in dislocations and displacements (Khagram, 2004), or as a negative consequence of rapid urbanization and the associated pollution, intergroup struggles, and crime (Evans, 2002). Through myriad interregional and international linkages, via political, economic, financial, sociocultural, military, public health, and environmental systems, human insecurities in one part of the world will affect the security of communities and economies in other parts (e.g., Adger et al., 2009b).
Research on human security and the environment has highlighted issues of equity, fairness, and human dignity, and especially the condition of women, because interacting socioeconomic and environmental stresses are experienced most severely by those who are most vulnerable (e.g., Adger et al., 2006; O’Brien et al., 2008). Related research has helped advance understanding of barriers and limits to adaptation (e.g., Adger et al., 2009b). Efforts are currently under way to synthesize a 10-year research effort on Global Environmental Change and Human Security (IHDP, 2009). Already this effort has identified conditions needed to maintain or restore human security, including effective governance systems, healthy and resilient ecosystems, comprehensive and sustained disaster risk-management efforts, empowerment of individuals and local institutions, and supportive values. Existing scientific insight is available, and further use-inspired social science research is needed, to inform the establishment of international mechanisms for effective, verifiable, accountable, and just efforts to limit and adapt to climate change. Such mechanisms have been found to be critical to the ability of communities anywhere to pursue sustainable livelihoods, meet fundamental human needs, secure human rights, and ultimately to ensure that climate change does not disrupt the natural environment so severely that it can no longer support the adequate and safe provision of ecosystem goods and services essential to human life and well-being (MEA, 2005).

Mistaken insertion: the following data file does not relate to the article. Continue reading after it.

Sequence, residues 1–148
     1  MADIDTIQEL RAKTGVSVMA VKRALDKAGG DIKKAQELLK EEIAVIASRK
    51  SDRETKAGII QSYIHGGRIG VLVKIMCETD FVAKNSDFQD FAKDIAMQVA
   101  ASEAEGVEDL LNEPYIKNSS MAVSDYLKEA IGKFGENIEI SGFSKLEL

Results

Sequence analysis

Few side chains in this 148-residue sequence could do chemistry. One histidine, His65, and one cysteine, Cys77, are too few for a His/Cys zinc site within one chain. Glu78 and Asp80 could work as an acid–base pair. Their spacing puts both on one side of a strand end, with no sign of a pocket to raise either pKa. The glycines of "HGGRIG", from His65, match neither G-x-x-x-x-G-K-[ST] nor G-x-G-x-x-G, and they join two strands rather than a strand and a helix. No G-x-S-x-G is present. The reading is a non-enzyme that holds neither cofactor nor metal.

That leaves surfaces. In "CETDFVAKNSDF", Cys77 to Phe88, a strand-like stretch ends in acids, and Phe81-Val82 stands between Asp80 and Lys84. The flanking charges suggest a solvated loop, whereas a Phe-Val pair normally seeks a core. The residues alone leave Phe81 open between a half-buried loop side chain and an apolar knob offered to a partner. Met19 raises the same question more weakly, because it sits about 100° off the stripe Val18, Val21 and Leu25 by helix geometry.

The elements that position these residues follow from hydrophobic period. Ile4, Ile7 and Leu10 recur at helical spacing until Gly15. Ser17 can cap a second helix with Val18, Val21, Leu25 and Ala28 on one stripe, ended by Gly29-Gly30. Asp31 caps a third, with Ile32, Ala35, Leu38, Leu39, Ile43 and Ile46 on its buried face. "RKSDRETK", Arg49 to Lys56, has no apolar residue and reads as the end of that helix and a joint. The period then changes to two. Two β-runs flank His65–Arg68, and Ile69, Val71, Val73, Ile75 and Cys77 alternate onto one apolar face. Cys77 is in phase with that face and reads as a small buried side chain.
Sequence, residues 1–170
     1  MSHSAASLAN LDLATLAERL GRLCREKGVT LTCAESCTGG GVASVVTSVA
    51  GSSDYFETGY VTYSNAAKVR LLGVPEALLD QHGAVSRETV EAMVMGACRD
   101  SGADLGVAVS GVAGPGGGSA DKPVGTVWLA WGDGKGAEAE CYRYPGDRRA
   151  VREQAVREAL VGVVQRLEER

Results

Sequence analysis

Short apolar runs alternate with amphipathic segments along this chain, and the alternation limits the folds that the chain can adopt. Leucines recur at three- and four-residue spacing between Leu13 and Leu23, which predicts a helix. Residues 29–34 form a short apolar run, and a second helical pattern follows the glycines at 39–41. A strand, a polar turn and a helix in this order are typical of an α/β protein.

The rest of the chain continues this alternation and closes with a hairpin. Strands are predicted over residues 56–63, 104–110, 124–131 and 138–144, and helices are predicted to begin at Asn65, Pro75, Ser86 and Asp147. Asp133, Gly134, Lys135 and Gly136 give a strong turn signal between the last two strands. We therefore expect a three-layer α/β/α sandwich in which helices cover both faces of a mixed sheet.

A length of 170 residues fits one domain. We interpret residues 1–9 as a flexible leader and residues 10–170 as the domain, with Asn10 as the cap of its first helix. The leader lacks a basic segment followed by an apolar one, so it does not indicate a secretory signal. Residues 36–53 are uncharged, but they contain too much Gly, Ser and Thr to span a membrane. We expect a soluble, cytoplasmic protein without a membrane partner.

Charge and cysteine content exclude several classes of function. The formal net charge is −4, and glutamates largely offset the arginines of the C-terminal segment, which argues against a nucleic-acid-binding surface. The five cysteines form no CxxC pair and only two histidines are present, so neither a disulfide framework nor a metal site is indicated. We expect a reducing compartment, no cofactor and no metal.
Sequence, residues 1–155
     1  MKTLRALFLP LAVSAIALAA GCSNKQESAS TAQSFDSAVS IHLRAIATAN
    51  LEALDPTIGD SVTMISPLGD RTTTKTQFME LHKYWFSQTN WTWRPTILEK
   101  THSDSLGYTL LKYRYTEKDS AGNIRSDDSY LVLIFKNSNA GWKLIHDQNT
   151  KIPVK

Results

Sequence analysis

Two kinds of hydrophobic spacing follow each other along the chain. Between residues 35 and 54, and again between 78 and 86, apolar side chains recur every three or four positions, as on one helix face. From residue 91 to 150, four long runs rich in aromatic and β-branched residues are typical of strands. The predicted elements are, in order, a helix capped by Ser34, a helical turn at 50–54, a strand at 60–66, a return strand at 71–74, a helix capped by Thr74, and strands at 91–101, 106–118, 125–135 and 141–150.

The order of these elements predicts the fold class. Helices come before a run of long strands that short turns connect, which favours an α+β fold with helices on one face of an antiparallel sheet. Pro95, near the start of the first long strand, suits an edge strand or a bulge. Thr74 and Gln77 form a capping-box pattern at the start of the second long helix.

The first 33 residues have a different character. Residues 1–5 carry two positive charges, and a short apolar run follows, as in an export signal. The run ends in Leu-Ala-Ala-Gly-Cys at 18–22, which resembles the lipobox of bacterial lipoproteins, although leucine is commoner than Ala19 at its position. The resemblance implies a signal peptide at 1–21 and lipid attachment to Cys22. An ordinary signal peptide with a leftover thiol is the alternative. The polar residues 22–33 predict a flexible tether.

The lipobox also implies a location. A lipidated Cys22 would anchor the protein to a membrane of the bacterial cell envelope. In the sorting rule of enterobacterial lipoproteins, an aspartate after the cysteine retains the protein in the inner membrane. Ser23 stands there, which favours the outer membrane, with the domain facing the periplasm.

Many plausible mechanisms of environment-security interaction have been proposed, but few have been carefully tested through research. Security scholars have cautioned against facile assumptions of cause and effect, and suggested that more focused and critical research into causal links between climate and environmental stresses and human conflict is needed (e.g., Barnett, 2003, 2009; Dabelko, 2009; Dalby, 2009; Liverman, 2009). Research in the following areas would help to solidify understanding of these linkages and project the future security implications of climate change with greater confidence.